Specialised consultants analyse productivity and evaluate both technological and organisational processes as well as the current state of collaboration between contractors and partner firms. On this basis they can develop maintenance and production strategies that can be implemented together with plant operators. They support maintenance optimisation by helping staff to achieve their objectives and ensure that OEE is enhanced, plant productivity increases and that manufacturing costs per unit fall. This makes it possible to react more flexibly to customer demands in the future and profit margins can be increased.

One particularly important aspect of every optimisation project is the acceptance of change by company employees. The international management consultancy T A Cook always incorporates both management and employees in the change process early on and in this way achieves greater acceptance for new solutions. Employees are included already in the analysis phase, the process of finding new solutions and are involved in the subsequent audits. "In our many years of consulting experience, we have discovered that employees only help to support changes when they are part of the change process and their ideas are brought into the reshaping of processes," says Frank-Uwe Hess, Senior Manager and partner at T A Cook Consultants.

Together with its clients the consultancy develops a corporate strategy which is anchored in the organisational structures, business processes, management system and finally in staff behaviour. T A Cook consultants knows how plant operators and staff can work together to improve processes and increase their effectiveness. In every project undertaken by T A Cook, the consultancy's aim is to achieve sustainable productivity enhancement and a Return on Investment (ROI) of between 2:1 and 5:1.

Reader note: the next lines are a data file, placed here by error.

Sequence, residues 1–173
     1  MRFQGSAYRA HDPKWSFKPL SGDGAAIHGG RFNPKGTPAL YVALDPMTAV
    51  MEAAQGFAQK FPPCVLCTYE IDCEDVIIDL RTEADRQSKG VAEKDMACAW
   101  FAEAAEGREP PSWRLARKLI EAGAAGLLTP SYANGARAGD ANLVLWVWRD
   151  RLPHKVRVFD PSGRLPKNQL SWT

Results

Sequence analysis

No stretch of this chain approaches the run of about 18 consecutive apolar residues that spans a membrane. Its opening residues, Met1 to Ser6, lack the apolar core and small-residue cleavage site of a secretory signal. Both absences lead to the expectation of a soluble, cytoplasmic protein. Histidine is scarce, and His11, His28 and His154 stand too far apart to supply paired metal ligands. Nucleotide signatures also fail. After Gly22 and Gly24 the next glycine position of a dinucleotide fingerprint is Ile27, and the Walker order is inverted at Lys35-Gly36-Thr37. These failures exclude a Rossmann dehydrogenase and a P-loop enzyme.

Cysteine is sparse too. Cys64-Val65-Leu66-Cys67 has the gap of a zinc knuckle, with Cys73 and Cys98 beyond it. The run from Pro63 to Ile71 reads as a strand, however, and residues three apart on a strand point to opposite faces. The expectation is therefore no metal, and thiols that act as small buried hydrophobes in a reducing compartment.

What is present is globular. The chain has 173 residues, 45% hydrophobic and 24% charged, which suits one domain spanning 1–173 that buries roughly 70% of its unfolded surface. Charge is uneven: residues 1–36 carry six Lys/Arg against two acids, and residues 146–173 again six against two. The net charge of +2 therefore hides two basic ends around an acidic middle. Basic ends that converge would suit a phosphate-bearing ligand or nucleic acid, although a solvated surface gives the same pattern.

As well as optimising plant processes it is important to improve the whole workflow in order to increase productivity. Ideas for improvement frequently arise from day to day procedures but there is seldom enough time to further develop these ideas. T A Cook therefore ensures that employees are given the chance to take part in the development of new processes, procedures and structures by ensuring that after an initial analysis, recommendations for changes are not just discussed.

"We stay on site as long as needed to implement all new solutions together with all of the participants in the project and do not abandon the company during the implementation phase. On the contrary, we measure precisely how the respective changes affect performance and thereby ensure that our work is transparent and understandable," explains Frank-Uwe Hess.

The most frequent causes of losses:

- Downtimes: stoppages caused by machine failures/malfunctions; set-up times when changing between product types, time needed to change tools and reset parameters of machines;

- Speed losses: idle times and small stops because of technical problems; reduced work speeds (identify differences between planned and actual speeds)

- Process errors: initial difficulties between start-up and process stabilisation; loss in quality through faulty plant operations.l

T A Cook is a management consulting firm focusing on Asset Performance Management with offices in Berlin, Birmingham, London, Munich and Raleigh, NC, USA. www.tacook.co.uk